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VW Shows off EV Charging Robots, but Stays Mum on Costs – Autoweek


  • VW reveals EV charging robot prototypes in video.
  • The robots are designed to operate in parking lots and garages.
  • Several other companies are working on EV charging robots.

    Volkswagen’s sketches of EV charging droids first revealed a few months ago looked like a fanciful preview of a much distant future, in which even the task of plugging in your EV is done by smart (but not sentient) machines. It was a bit of a Jetsons-style sketch of a future in which even plugging something in will considered to be a chore—just like a few years ago when inductive charging pads for EVs were thought to be the future. But inductive charging, as elegant as it seemed in practice, hasn’t really been able to offer DC fast-charging speeds, which have since become an industry standard much like broadband Wi-Fi over a decade ago. And it certainly hasn’t become commonplace.

    But VW’s charging droids didn’t stay on the drawing board for long, and VW wasn’t even the only company working on such things.

    What the automaker calls “battery wagons” have now been shown in prototype form in the video below, with one robot being responsible for holding the juice on board while another handles the cords. What’s more, the robots have been designed to operate autonomously once summoned to a car in a parking garage via an app.

    “To charge several vehicles at the same time, the mobile robot moves a trailer, essentially a mobile energy storage unit, to the vehicle, connects it up and then uses this energy storage unit to charge the battery of the electric vehicle,” the automaker says. “The energy storage unit stays with the vehicle during the charging process. In the meantime, the robot charges other electric vehicles. Once the charging service has ended, the robot independently collects the mobile energy storage unit and takes it back to the central charging station.”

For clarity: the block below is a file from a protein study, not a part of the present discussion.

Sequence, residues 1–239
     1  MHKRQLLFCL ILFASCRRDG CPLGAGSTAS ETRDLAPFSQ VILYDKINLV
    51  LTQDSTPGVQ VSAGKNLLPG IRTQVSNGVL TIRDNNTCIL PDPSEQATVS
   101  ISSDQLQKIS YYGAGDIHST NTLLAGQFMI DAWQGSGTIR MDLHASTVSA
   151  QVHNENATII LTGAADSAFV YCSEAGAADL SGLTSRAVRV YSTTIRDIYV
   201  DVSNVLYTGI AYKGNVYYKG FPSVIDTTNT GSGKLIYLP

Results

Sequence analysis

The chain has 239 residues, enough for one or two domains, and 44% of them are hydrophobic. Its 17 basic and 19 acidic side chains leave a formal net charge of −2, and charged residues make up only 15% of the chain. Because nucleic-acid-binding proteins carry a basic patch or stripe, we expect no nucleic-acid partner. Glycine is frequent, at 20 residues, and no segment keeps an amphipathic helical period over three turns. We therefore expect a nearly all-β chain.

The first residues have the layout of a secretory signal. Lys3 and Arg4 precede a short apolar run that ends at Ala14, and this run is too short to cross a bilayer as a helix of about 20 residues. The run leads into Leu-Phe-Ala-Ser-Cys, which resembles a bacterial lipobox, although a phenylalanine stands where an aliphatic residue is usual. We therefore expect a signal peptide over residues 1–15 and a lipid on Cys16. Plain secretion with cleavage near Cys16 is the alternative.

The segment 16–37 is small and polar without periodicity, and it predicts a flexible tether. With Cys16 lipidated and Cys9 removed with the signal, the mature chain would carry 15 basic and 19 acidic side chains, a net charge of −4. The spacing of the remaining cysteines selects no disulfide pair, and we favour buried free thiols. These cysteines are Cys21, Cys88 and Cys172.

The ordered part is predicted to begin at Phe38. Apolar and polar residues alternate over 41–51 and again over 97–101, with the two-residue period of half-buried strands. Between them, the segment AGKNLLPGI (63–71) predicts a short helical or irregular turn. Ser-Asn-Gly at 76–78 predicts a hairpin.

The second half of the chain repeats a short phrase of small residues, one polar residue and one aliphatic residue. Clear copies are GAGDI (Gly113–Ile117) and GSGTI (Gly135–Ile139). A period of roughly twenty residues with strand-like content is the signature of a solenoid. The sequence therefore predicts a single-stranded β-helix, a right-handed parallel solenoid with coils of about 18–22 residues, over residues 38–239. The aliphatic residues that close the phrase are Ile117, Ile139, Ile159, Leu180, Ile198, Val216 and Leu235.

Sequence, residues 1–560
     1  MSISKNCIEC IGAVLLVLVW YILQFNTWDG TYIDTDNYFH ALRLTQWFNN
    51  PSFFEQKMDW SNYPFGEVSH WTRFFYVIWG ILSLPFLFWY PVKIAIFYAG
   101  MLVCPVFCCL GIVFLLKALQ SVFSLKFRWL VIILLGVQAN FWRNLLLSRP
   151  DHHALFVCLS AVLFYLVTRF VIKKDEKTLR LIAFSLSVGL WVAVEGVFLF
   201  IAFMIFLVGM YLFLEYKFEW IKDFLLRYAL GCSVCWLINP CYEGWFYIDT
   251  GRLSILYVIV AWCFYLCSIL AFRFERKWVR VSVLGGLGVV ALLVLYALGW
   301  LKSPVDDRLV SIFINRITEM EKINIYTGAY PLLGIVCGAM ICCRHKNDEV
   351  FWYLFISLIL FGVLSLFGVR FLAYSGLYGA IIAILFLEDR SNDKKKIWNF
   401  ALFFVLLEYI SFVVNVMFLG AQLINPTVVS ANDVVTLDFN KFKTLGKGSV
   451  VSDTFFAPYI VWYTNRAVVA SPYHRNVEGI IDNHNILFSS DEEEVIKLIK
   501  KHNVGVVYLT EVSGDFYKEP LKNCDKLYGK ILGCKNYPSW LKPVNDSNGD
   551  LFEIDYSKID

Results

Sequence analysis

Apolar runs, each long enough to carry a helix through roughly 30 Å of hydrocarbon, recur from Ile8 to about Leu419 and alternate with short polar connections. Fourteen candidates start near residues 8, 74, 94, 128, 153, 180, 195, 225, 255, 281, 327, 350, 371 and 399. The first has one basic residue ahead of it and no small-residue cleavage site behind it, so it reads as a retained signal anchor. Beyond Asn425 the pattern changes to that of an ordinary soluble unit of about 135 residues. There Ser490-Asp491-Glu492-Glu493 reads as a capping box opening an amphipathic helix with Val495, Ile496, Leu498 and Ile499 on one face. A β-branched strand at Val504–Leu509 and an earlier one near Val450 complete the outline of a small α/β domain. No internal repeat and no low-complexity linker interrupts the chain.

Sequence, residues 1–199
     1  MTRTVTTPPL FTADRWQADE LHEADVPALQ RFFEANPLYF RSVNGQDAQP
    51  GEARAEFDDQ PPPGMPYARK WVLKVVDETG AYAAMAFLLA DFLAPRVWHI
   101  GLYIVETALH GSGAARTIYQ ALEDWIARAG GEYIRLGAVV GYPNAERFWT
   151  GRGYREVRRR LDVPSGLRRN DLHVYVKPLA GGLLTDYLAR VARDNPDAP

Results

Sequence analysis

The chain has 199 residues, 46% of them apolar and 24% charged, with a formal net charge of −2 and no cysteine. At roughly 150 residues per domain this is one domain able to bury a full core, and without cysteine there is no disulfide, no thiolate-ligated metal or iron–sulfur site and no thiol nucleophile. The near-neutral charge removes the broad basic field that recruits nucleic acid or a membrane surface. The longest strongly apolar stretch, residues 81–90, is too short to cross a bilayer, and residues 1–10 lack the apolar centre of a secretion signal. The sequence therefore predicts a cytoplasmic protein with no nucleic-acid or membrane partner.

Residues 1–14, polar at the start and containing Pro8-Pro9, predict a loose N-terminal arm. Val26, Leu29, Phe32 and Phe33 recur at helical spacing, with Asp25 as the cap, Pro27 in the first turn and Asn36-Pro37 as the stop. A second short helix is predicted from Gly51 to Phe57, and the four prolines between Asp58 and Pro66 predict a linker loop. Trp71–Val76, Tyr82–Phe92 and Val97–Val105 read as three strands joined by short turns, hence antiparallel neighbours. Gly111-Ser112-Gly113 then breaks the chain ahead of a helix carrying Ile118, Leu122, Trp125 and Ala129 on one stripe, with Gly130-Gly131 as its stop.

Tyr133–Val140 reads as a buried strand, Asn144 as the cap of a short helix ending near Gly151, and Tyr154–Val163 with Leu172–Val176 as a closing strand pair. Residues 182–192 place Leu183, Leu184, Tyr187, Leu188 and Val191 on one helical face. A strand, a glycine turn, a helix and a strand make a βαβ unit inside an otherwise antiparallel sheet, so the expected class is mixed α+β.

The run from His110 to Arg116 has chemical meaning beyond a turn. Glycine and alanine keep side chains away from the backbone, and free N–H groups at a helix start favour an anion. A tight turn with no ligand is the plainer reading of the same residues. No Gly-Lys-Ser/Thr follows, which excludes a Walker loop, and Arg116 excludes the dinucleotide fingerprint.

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    These robots aren’t the only concept that VW is exploring when it comes to charging stations, of course, because this setup does not look inexpensive, assuming it could be mass produced. Two robots, one of which is a giant battery, look like they could cost as much as an EV itself.

    The robots have laser and radar sensors on board to navigate parking lots and complicated arms to manipulate objects and cords, so this isn’t quite the budget solution for a grocery store parking lot when it comes to charging stations. VW is also working on its own wallbox charger, which is currently undergoing testing at its factory sites in Germany—a far more budget-friendly concept that VW will very much need as its ID models go mainstream.

    Still, does this robot charging system look like the future of EV charging, at least in mall parking structures, grocery store parking lots, and other public places?

    For a glimpse into an EV future, perhaps it’s better to look at China, which has eight times as many charging stations as the U.S., with Beijing being just a few thousand stations shy of the total count of the U.S. What we see there are just parking lots with chargers positioned at the nose of every car spot, with hundreds of individual chargers located in a single lot. That’s a rare sight in the U.S. this day unless we’re talking about some corporate headquarters in Silicon Valley, and it’s by many estimates the least expensive way to transform parking lots into EV charging lots.

    “Setting up an efficient charging infrastructure for the future is a central task that challenges the entire sector,” said Volkswagen Group Components CEO Thomas Schmall. “We are developing solutions to help avoid costly standalone measures. The mobile charging robot and our flexible quick-charging station are just two of these solutions.”

    Sign up for comments and let us know whether you think such robots will be common in the future, or whether inductive charging will be more common.

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